FINRA’s New Expungement Rule and Arbitrator Training
If you have any active FINRA cases, you likely received a flurry of updated arbitrator disclosures in the last couple of weeks identifying that the arbitrator has completed an “enhanced expungement training.” If you are wondering what this is all about, FINRA has modified its expungement rules—although they have not yet taken effect and do not yet have an effective date—and is requiring a new “enhanced” training for arbitrators—which arbitrators are now actively completing. FINRA practitioners and entities appearing before FINRA should make sure they know about the new rules and their impact on associated persons, as well as the instructions being provided to arbitrators in the enhanced training and how that may impact existing cases.
- If an associated person is named in the arbitration she must request expungement in that action or be barred from doing so in the future (unless it is a simplified case in which case it is optional)
- Unnamed associated person whose conduct is at issue can choose whether to request expungement in customer arbitration or “straight-in” method
- Expungement request in customer arbitration must be made in Answer or separate pleading at least 60 days before final hearing; if unnamed must also include consent form signed by associated person; in simplified case must be within 30 days of appointment of arbitrator
- Panel for customer arbitration must decide expungement request if it goes to final award (request cannot be withdrawn/abandoned once made)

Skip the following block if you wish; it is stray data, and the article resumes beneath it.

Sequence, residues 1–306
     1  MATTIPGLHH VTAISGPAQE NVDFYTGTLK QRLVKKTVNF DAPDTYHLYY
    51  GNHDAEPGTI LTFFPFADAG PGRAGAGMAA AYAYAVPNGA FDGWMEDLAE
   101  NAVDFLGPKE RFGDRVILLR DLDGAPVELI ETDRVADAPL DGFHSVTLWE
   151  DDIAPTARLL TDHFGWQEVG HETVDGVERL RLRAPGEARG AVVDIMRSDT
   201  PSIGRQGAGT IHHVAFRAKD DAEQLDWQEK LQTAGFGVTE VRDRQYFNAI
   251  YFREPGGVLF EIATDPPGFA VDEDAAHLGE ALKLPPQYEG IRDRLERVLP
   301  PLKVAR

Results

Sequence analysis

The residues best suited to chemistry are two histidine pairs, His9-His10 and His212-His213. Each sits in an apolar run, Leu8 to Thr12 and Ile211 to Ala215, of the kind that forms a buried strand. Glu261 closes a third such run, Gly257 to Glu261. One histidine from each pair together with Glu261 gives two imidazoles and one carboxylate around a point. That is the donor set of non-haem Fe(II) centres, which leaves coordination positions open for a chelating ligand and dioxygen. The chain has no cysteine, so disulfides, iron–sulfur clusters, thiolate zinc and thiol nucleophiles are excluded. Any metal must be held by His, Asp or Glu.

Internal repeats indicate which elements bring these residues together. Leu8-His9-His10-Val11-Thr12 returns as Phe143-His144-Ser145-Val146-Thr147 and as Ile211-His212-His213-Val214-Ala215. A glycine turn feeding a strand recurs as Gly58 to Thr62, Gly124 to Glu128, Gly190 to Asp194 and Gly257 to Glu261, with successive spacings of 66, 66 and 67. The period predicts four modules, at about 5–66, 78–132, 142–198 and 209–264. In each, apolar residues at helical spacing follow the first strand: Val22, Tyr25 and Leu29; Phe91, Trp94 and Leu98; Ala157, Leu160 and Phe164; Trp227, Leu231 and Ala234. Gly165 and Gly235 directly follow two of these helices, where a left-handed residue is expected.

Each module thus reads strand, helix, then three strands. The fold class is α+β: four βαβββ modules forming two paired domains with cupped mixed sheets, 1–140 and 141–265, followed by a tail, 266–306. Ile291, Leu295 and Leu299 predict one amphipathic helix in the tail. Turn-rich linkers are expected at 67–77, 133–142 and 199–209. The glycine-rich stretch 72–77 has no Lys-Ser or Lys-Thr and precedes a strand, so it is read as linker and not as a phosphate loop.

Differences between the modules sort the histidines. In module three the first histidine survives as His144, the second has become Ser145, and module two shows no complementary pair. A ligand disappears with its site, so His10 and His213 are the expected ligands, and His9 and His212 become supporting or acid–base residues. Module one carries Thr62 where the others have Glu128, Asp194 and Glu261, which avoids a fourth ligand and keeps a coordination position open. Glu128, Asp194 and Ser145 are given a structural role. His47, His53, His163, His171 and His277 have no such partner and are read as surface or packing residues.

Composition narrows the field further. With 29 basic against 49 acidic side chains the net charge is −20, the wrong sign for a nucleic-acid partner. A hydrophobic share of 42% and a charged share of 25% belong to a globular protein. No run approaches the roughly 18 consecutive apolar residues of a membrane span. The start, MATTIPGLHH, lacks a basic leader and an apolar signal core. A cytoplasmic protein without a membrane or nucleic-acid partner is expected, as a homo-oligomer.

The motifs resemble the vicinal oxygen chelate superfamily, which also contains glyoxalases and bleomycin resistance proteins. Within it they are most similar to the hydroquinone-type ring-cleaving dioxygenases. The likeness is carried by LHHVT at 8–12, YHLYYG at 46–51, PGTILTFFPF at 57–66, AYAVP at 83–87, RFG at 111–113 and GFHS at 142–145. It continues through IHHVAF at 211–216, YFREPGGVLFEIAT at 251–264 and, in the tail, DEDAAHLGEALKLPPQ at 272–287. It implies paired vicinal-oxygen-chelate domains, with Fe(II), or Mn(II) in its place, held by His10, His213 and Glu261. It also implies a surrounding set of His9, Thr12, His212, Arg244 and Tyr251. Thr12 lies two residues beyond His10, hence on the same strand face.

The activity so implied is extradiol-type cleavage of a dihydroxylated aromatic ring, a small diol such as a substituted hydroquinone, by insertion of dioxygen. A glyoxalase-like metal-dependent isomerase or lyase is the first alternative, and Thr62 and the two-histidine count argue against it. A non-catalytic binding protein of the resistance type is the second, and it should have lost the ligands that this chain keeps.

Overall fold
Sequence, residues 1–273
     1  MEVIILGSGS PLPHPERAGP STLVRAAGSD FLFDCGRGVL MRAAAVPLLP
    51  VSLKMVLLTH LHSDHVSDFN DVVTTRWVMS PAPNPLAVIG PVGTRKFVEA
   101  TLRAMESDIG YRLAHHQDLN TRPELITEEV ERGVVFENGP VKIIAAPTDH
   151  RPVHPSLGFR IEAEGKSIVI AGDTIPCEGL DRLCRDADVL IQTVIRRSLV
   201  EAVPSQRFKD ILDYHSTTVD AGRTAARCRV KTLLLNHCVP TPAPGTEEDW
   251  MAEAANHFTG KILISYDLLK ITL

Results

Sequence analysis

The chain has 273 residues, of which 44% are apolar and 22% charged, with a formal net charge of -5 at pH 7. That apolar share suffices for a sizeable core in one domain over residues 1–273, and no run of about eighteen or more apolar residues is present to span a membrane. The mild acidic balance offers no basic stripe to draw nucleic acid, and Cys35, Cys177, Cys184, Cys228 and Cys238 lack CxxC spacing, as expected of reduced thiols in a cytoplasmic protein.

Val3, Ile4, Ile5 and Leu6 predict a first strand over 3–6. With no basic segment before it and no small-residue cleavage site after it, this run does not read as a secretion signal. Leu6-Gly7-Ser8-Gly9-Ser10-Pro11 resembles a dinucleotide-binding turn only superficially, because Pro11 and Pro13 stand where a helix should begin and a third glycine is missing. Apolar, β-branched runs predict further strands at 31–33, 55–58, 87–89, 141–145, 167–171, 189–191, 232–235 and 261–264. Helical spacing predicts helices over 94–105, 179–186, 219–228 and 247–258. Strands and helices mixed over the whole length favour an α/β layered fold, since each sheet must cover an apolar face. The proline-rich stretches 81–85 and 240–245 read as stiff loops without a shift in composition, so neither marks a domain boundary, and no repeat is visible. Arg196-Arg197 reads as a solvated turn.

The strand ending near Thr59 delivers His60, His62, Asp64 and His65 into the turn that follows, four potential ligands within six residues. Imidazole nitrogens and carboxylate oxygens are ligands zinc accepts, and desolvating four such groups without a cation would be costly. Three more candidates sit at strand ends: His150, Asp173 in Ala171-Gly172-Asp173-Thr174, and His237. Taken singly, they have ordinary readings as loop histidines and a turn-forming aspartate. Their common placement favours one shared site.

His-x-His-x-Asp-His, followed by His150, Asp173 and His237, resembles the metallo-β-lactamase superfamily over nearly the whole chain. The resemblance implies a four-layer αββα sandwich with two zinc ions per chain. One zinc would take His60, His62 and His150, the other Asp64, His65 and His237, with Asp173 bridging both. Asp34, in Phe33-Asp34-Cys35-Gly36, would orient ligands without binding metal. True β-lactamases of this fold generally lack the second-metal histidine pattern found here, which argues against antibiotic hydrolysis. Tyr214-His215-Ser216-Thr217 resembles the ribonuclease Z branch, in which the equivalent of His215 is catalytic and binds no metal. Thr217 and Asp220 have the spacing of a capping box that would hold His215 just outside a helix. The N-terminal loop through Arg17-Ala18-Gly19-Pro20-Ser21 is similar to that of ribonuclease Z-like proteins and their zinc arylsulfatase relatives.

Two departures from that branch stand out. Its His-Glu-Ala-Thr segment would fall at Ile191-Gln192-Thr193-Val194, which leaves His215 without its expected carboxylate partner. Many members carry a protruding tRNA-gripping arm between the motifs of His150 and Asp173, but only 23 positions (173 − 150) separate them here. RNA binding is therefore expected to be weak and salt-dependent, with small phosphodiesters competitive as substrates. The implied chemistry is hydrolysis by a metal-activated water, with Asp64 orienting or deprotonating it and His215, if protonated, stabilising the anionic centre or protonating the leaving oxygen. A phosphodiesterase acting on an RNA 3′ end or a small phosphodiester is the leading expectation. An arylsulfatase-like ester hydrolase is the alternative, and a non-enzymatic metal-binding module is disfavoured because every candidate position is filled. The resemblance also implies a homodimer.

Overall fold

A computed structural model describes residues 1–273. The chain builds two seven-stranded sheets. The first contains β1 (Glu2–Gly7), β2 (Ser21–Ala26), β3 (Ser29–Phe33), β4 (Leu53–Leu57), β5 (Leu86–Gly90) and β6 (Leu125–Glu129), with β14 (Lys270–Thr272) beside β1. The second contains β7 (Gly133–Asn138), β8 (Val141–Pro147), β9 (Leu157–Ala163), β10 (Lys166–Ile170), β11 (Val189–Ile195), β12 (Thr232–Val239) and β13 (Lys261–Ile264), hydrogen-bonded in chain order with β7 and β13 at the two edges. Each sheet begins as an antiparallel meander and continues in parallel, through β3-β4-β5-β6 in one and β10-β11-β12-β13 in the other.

- Panel for customer arbitration cannot decide expungement if it settles or is dismissed prior to final award (it must then be converted to a “straight-in” request)
- Straight-in request must name brokerage firm associated with at time of conduct as respondent; cannot name customer as a respondent
- Cannot make straight-in request if expungement request previously denied or if there has been a finding of liability against the associated person
- Straight-in request decided by panel appointed by FINRA from special roster: three randomly selected, chair eligible, public arbitrators, with four customer decisions to award; parties cannot agree to change process or removal of any arbitrator; may only challenge for cause
- Customer and state regulators encouraged to actively participate
- Associated Person must appear either by video or in person at panel’s determination
- Panel decision on expungement must be unanimous and must include grounds and rationale as well as find no investor protection or regulatory value